American Airlines what I would have paid

 

Discounts

We have two American Express cards- two major hotel branded cards- and both of them offer discounts on everything from groceries to airlines and even chocolate.  If you have an American Express card, scroll down on the main page and just “Add” these discounts to your card.  Here are the promotions currently added to my card:

credit card savings

Another example I can think of is the Fairmont credit card.  They provide breakfast coupons, spa discounts, and more when being a cardholder while also staying at their hotels.  The Fairmont card does carry an annual fee, so it’s important to weigh the cost with the benefits

Security

I know numerous people say that debit cards are just as safe as credit cards, but I beg to differ.  If someone gets ahold of your debit card number, they aren’t essentially spending the issuer’s money, they are spending YOUR money.  Credit cards also provide numerous extra benefits that my debit card does not- such as some rental car coverage, lost baggage coverage and more.  I feel safer using a credit card online (and who doesn’t make lots of purchases on the internet?).

 

Conclusion

So while we LOVE Dave Ramsey and will forever be indebted to him (see what I did there?) for our financial peace, we really do think that credit cards can be used responsibly.  It’s not for everyong (if you’re renting your couch, please don’t open a credit card), but we’ve found using credit cards to be beneficial to helping us reach our travel goals-  and save us some moola!

 

What do you think?  Do you use a credit card for travel benefits and discounts?

DR credit card

 

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4 great {family} beaches near Fort Myers, Florida

Fort Myers was a place I’d never really dreamed of or hoped to visit.  Now I want to move there (no joke)!  After a great deal using points on nonstop flights to Southwest Florida, I found myself researching a place I knew little about yet planned to travel there with our three small children.

 Two themes I kept finding in my research were “great beaches” and “great sunsets.” I made it my goal to experience the best of both! That said, here are 4 great family beaches to check out when  you find yourself in Fort Myers, Florida.

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Fort Myers Beach

Well, of course!  Fort Myers Beach felt like a mix of Bob Marley and Bob Dole!  Ha!  The northern end of the island is home to numerous bars and restaurants that let you dine or drink beachside.  The southern end of the island is mostly home to condos and quiet beaches.  North or south, a sunset view is on the horizon (literally) and you’ll be glad you’ll pulled up a chair.  

While Sanibel gets noted for a shellers dream, I found numerous sand dollars on Fort Myers Beach that were just washed up on the shore.  Beach access points are throughout the island but they do contain metered parking and it’s $2/hour.  

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Sunset on Fort Myers Beach. Magical!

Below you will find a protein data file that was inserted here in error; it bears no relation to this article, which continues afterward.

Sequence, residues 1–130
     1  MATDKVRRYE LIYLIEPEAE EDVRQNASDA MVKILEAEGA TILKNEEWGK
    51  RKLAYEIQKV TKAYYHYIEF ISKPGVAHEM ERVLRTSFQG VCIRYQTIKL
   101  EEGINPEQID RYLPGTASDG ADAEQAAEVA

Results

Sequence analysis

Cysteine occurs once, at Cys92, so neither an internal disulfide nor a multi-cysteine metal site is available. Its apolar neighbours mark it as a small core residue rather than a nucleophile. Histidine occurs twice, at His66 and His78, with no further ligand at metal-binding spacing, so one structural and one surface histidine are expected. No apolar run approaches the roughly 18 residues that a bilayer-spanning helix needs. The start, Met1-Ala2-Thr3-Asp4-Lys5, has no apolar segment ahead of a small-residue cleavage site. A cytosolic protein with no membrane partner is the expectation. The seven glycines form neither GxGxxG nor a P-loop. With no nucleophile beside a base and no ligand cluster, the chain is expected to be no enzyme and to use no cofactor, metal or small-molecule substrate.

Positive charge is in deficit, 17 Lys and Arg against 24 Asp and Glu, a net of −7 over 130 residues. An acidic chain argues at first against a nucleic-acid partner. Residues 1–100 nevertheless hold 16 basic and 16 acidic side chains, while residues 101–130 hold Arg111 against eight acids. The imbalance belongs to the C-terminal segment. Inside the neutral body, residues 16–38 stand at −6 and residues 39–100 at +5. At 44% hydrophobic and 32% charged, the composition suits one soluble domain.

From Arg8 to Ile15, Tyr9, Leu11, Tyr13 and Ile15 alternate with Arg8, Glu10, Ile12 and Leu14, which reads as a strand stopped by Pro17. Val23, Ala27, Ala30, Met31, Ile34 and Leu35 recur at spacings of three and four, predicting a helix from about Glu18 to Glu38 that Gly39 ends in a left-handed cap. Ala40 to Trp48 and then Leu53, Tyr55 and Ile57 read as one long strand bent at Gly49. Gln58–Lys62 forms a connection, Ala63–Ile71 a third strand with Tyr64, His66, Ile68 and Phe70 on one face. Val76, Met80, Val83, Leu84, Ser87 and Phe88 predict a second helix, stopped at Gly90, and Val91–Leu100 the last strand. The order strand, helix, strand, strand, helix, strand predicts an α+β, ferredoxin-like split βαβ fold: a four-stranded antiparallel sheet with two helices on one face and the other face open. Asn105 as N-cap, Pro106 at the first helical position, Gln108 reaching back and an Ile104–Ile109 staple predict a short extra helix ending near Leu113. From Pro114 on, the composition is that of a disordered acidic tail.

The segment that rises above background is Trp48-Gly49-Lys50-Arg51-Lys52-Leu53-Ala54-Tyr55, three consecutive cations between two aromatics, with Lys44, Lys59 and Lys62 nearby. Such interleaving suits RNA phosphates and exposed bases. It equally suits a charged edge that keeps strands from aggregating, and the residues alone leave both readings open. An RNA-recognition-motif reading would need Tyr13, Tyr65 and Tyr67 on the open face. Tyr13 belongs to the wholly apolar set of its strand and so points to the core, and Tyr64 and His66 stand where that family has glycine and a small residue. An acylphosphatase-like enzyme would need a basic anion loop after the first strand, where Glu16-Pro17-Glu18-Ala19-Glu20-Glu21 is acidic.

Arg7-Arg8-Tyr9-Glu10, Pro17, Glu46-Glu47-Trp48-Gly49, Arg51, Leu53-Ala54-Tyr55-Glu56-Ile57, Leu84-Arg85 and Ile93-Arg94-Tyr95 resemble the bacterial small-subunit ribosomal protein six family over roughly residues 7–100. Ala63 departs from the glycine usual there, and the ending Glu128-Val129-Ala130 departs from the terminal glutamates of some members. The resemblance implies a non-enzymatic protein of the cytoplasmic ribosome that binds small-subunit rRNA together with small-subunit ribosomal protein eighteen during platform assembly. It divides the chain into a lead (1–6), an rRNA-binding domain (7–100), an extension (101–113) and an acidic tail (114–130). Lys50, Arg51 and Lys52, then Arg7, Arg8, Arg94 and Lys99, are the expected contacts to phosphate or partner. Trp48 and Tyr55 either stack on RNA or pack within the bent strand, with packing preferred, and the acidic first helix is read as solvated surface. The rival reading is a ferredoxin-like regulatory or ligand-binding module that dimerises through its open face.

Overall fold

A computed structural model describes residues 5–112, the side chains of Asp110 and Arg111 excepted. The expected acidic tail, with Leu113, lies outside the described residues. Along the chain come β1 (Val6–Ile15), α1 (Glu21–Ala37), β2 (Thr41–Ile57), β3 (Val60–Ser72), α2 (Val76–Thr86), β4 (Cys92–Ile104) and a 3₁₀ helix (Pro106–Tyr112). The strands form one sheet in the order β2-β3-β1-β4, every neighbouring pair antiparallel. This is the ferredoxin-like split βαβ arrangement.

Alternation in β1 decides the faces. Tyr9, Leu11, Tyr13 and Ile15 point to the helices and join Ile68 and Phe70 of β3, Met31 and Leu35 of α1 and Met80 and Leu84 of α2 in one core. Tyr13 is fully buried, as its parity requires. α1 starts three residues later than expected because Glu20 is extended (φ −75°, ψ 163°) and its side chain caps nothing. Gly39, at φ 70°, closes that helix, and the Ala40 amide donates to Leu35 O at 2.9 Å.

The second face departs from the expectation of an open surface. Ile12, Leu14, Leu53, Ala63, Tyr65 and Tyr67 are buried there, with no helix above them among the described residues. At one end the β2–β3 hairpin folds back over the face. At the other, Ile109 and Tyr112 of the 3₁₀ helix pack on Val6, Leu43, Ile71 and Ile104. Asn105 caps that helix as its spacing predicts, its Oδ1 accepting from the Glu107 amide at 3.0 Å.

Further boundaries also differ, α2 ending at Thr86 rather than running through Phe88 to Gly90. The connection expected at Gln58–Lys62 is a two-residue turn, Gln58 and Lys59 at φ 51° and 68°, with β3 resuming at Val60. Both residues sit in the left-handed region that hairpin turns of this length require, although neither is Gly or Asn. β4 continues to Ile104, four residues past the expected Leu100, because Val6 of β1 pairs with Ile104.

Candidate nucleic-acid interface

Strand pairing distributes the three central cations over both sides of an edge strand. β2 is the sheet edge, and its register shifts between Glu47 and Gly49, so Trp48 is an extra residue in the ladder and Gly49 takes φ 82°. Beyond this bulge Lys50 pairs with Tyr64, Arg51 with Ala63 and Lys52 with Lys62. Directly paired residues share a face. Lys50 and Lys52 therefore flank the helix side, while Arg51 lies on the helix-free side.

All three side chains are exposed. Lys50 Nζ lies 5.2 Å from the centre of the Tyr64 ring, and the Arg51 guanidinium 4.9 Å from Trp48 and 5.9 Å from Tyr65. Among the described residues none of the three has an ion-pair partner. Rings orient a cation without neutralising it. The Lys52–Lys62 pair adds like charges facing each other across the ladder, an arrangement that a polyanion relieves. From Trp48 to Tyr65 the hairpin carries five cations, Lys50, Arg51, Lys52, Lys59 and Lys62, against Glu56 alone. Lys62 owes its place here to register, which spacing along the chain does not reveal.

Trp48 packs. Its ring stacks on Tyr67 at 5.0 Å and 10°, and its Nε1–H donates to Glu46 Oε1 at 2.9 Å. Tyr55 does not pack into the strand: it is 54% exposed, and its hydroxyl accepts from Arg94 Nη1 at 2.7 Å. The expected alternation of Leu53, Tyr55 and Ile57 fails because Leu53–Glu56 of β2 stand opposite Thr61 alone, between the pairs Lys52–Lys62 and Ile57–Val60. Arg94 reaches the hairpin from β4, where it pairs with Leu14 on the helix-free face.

Lovers Key State Park

Lovers Key State Park is an island that received its name because it was so remote, only lovers would make the trek by boat. Now the drive to Lovers Key is just a quick jaunt south of Fort Myers Beach.  There’s so many things to do within the State Park:  hiking, birding, and kayaking, just to name a few.  We chose to spend our time on the beach!  

Lovers Key State Park charges an admission fee of $8 per car.  From the main parking area you can walk to mid beach or you can take a tram to the south beach.  Our family chose to take the 15-minute tram ride.  The south beach contains a concession stand and restrooms.  From there you can walk over 2 miles of unspoiled beach.  

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Lovers Key State Park is a quiet spot for the family.

 

Sanibel Island

Sanibel Island was listed in Patricia Schultz’s 1,000 Places to See Before You Die.  Driving into Sanibel, you’ll quickly understand why.  The island has strict zoning laws so it feels much more secluded than it is- couple that with white sand beaches and millions of seashells and you have a place that the entire family will enjoy- young or old.

 We parked near the Sanibel Lighthouse and walked along the bay.  The bay contains the same beautiful beach but is nearly wave-free, making it great for the little ones.  This area also is home to a short fishing pier.  If you’re looking for a beach that is away from the high-rises and nightlife, you may consider staying on Sanibel Island!

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The view of the bridge leading you onto secluded Sanibel Island.

 

Naples Beach

While Naples is known for its designer shopping outlets and historical fishing pier, it should also be known for its 7 miles of white sand beach. Naples is a known for its wealth, and the well-kept beaches are a testimony to this.  There is public access at many different points, but entering at Lowdermilk Park gives you access to two playgrounds and sand volleyball courts, plus concession stands and restrooms.  You’ll have to pay a meter, but you’re family will be happy to have more than just the beach available!